‘Green Industrial Revolution’: Liverpool unveils proposals for world’s largest tidal project

Pictured: An artist's impression of the project

The Mersey Tidal Power project, according to the local authority, is the UK’s “first of its kind” tidal barrage, with the projected capacity to generate clean energy for approximately 120 years and create thousands of jobs in its construction and operation.

The City Region has opted to pursue a barrage between the Wirral and Liverpool as the preferred solution for the project, potentially enabling the establishment of a cycling and pedestrian route over the river between Liverpool and Wirral, while also serving as a defence against future flooding risks that will increase in the future due to climate change.

The multi-billion-pound project is now progressing towards the formal planning consent process. If successful, the project could position Liverpool as a leader in sustainable energy and align with the region’s target of achieving net-zero carbon emissions by 2040.

The Liverpool City Region Combined Authority intends to seek approval at its March meeting to submit a scoping opinion to the Planning Inspectorate.

The Liverpool City Region’s Mayor Steve Rotherham said: “The River Mersey has been the lifeblood of our region’s fortunes for centuries – and it has an even more vital role to play in our future.

“Where our area was once a leader in the First Industrial Revolution, we now have an opportunity to seize our chance to become a leader in the Green Industrial Revolution.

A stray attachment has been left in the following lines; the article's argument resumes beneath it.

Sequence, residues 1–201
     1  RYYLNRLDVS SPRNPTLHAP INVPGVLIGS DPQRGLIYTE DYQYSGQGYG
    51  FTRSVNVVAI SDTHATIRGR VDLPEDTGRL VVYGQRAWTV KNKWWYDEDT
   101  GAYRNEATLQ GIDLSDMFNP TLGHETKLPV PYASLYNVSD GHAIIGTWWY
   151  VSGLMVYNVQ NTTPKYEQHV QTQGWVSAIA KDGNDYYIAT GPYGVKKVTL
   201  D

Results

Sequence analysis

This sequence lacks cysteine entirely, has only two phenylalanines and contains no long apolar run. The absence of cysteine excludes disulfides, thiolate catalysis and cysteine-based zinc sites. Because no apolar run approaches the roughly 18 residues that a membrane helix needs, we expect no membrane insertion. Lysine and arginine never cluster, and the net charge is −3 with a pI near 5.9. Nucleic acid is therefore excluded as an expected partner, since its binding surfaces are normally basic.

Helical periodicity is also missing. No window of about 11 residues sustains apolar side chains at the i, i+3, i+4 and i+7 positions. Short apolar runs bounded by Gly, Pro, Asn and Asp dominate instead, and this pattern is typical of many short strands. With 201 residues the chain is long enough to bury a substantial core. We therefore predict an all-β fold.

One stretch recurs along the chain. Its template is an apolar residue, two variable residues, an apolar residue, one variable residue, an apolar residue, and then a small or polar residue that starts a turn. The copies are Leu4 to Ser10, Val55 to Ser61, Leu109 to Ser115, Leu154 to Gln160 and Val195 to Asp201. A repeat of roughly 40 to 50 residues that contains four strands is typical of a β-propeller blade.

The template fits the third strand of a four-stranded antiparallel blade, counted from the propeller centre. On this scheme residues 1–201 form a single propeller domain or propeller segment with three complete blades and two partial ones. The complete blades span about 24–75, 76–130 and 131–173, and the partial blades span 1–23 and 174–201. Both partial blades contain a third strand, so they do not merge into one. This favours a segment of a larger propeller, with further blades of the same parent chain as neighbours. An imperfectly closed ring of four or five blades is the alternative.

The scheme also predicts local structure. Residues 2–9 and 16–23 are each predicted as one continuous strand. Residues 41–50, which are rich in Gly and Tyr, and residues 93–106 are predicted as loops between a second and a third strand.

“Beyond the banks of the river Mersey, this is a national infrastructure asset that could position the UK as a global leader in the renewables race and help to turbocharge our net-zero ambitions.”

Planning process

Over the past three years, the Combined Authority has conducted early technical work to define the project’s potential scope, highlighting the economic and environmental advantages of a barrage compared to alternative options like a lagoon.

According to the local authority, a barrage would be less expensive and require lower levels of Government support.

If approved, the scoping opinion submission will be followed by a period of engagement with stakeholders regionally and nationally. Subsequent formal consultations across communities and stakeholder groups will be conducted to ensure a comprehensive understanding of the project’s potential environmental and social impact.

Liverpool City Region Combined Authority’s portfolio holder for net-zero and air quality Councillor David Baines said: “We need to ensure we are extremely aware of our sensitive local ecology but just reaching this stage in the Mersey Tidal Power project has taken a huge amount of hard work allied with vision and would be a big step towards it becoming a reality.”

UK’s tidal power

Recent research found that a resilient and cost-effective transition to 100% renewables in the UK would require at least 27GW of wave and tidal energy capacity by 2050.

According to the Marine Energy Council, the cost of generating power from sources such as tidal energy has nearly halved since 2018. The Offshore Renewable Energy (ORE) Catapult suggests that prices could potentially be lower than nuclear energy, contingent upon policy support.

Tidal energy initiatives have begun to feature in Government clean energy auctions, although the Government’s strategic funding plans remain unclear. Projects approved through these auctions are anticipated to increase UK tidal power from its current 10.4 megawatts (MW) of installed capacity to over 50MW by 2027.

In a recent development, the University of Edinburgh released a report indicating that a mere 6 gigawatts (GW) of tidal and wave capacity each could lead to an annual reduction of more than £1bn in energy system costs.

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